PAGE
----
I doubt I can keep up the pace of a post a day, but I just could not resist the front page story in the NY Times about "Disability Cases Last Longer as Backlog Rises," with reports of waits as long a three years (although 2/3 of those initially rejected win their cases, so persistence pays off more than not -- but you knew that already :-).
I hate to be cynical (but willing to do so for this cause), there's more incentive to reject as much as possible -- the articles cites some of the "incentives," like people do not persist past the first rejection, do not get help, lose resources like homes due to bankruptcy and other obstacles while waiting, or simply die in the queue -- plus, from what I can read, there are no penalties (i.e., "dis-incentives") for the SSA to face should they reject improperly. Surprise, the backlog, the frustration (but a more fiscally sound SSA that politicians can brag about).
Seems the only disincentive I can see is the political fallout from frustrated citizens without disability support who can still vote, and will certainly vote this issue as it impacts their lives directly. Not only would I vote this issue, but so would all of my daughter's family, friends, friends of friends, and citizens whom she has met at awareness and fund raiser functions.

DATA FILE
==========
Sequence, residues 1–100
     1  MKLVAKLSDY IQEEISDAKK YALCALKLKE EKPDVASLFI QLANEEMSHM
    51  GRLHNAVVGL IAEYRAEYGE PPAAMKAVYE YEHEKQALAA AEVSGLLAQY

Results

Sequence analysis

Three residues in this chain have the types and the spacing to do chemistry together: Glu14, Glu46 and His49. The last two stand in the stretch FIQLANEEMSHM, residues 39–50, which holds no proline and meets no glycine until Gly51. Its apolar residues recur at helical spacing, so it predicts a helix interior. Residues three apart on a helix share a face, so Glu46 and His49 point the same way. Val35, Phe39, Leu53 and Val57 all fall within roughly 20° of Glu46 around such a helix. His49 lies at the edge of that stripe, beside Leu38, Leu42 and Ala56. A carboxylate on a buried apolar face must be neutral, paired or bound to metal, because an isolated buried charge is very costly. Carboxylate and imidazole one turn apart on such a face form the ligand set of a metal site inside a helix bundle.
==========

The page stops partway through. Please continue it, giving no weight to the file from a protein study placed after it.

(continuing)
Also in the NY Times, an article that concluded with the following paragraph:
“I think there are a lot of parents of kids with these diagnoses who have at least a little bit of the traits their kids have,” Mr. Schwarz said. “But because of the stigma this society places on anything associated with disability, they’re inhibited from embracing that part of themselves and fully leveraging it to help their kids.”
Like the disability itself (or the administrative bureaucracy) isn't enough of a fight?